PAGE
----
Ross Douthat wrote a Sunday New York Times column arguing that Mitt Romney’s triumph proves the Republican Party is not crazy. I responded that Romney has run essentially unopposed, and that he has dispatched his woefully underfunded, disorganized and generally pathetic opponents by outflanking them on the right. Douthat replies, “Rather than delivering a point-by-point rebuttal to Chait, I’ll just compare our track records as analysts of Republican primary dynamics.”
I’m kind of surprised he’s so wary of launching the “point-by-point rebuttal” that, we can presume, exists in his head but is too exhaustive to commit to the Internet. I mean, there are only two points in my argument. Why not rebut them?
Instead Douthat abjures any pretense of engaging the argument to instead provide a series of links that, he claims, demonstrate that I’ve gotten the race consistently wrong. It’s certainly true that I was skeptical of Romney’s chances of winning the nomination from a very early point, and Douthat was highly bullish on Romney all along. I suppose he believes Romney really was inevitable, and that the cash-strapped, disorganized has-beens over whom he has climbed are actually political giants. When the thing you predicted comes true, it’s always easy to argue it was inevitable.
But Douthat’s presentation of my views is highly misleading, actually shockingly so, given Douthat’s normally high intellectual standards. For instance, he describes me as having predicted of Herman Cain, “the allegations of sexual harassment wouldn’t dim his star among right-wingers.” Readers would assume I had predicted Herman Cain would continue to climb the polls. The opposite is actually the case. I had argued all along that Cain was running to improve his business as a right-wing speaker/shock jock. The column Douthat links began, “The question of whether the Herman Cain sexual harassment story will hurt his presidential campaign sort of misses the point that there is no Herman Cain presidential campaign.” It proceeds to argue that Cain never really intended to win.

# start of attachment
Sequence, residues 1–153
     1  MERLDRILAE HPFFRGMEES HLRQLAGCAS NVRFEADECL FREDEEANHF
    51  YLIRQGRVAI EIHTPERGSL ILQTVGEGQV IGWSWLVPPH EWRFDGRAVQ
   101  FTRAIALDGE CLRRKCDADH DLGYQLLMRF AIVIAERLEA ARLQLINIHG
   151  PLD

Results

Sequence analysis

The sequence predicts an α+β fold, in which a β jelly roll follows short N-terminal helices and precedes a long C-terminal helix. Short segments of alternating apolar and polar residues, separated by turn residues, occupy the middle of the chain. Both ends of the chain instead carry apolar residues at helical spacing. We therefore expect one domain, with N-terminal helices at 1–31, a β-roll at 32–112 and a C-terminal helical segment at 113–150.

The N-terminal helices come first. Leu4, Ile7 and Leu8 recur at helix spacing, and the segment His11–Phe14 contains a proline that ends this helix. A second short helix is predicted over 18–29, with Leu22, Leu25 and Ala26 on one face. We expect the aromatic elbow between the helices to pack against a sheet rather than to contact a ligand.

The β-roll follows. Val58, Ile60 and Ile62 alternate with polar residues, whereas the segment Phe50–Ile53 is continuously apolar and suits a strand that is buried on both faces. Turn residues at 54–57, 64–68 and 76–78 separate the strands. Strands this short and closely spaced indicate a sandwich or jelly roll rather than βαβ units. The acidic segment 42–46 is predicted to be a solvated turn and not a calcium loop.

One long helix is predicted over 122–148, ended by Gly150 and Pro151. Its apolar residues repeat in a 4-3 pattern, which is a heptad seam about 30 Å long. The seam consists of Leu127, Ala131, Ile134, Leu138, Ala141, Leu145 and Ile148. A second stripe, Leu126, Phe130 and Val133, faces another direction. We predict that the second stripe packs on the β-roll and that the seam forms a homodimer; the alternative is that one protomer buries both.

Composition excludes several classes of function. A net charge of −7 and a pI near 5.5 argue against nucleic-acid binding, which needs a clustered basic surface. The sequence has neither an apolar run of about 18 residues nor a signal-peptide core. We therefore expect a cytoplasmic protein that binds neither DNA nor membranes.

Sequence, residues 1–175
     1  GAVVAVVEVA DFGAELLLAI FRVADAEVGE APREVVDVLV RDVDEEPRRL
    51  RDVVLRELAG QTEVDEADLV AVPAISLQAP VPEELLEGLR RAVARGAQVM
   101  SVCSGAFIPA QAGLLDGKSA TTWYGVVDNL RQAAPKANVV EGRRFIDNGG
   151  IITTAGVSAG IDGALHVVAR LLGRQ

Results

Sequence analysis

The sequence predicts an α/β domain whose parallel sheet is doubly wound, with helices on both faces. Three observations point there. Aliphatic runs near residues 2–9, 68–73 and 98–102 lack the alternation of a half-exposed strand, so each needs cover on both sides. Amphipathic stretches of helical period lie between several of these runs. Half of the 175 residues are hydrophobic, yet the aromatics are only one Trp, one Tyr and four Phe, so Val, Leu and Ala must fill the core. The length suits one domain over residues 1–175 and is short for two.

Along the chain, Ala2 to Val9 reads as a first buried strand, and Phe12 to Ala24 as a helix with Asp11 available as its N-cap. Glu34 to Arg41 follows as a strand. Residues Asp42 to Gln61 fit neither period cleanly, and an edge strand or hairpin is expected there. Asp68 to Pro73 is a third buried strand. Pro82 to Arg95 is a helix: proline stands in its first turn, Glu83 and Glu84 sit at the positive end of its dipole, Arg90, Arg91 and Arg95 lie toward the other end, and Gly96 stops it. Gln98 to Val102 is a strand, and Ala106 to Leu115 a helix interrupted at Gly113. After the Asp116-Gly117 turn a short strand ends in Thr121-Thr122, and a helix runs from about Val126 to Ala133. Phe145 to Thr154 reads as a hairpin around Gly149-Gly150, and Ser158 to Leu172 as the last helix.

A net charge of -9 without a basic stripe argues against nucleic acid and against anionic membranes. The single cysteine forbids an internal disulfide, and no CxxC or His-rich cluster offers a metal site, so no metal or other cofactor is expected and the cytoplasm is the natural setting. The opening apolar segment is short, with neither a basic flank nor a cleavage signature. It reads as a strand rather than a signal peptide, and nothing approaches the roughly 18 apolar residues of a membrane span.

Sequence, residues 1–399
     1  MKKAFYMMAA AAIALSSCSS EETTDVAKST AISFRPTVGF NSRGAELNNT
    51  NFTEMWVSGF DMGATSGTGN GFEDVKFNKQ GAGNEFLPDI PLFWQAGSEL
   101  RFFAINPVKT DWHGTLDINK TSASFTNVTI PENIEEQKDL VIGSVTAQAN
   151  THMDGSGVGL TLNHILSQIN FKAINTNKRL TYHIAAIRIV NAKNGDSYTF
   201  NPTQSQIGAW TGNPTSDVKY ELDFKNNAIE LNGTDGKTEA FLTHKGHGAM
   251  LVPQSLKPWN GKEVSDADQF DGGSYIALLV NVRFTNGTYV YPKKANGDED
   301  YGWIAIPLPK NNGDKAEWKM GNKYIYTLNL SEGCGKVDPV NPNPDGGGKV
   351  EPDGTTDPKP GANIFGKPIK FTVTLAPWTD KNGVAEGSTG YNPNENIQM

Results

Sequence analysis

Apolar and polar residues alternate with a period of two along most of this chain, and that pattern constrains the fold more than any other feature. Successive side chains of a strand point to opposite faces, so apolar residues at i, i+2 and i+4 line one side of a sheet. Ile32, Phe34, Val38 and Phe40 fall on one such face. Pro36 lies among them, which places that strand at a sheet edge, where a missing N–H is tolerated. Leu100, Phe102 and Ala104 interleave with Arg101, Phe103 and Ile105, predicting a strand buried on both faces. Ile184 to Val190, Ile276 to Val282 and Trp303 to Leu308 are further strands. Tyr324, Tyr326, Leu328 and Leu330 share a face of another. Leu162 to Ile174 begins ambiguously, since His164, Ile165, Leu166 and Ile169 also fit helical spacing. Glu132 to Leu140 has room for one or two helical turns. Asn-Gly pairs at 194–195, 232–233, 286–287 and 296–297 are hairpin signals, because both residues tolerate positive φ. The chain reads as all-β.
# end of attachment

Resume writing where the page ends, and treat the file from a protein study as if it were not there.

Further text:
Douthat has two links meant to imply that I was wildly bullish on Newt Gingrich’s prospects. My first assessment, which he omits, completely dismissed Gingrich as a serious candidate. (“It has simply never occurred to me before today that there would be even the slightest chance of the Republican Party nominating Newt Gingrich.”) Two others, which he does link to, cautiously argue that Gingrich may be less implausible than many of us thought, but that major flaws remained (“Gingrich lost most of his staff last spring, and it wasn’t a big staff to begin with. He’s running his own campaign out of the hard drive of his feverish brain, and he may lack the resources to take on Romney in an extended fight for delegates.”) and that his apparent strength mainly reflected Romney’s weakness with the base. Yes, I gave Michele Bachmann a real shot, and she was quashed by Rick Perry, which hardly speaks to Douthat’s view of the Republican electorate shrinking away from extremism.
Jonathan Bernstein notes that Romney’s triumph owed more to Republican elites than Republican voters. (“what we’ve seen throughout is that Republican voters are perfectly ready to support any loony who is willing to use sure-fire talking points about teleprompters and czars and, yes, birth certificates, the ‘issue’ that fueled Trump’s rise in the polls.”) Isaac Chotiner makes another sharp point about this: There are, by Douthat’s reckoning, four candidates in the GOP field, and three of them, by his standards, are loopy. The one candidate who is non-loopy — in his heart of hearts, anyway — is getting a plurality. But the loopy ones have a collective majority. So...if my two points are too much to rebut, how about a point rebuttal?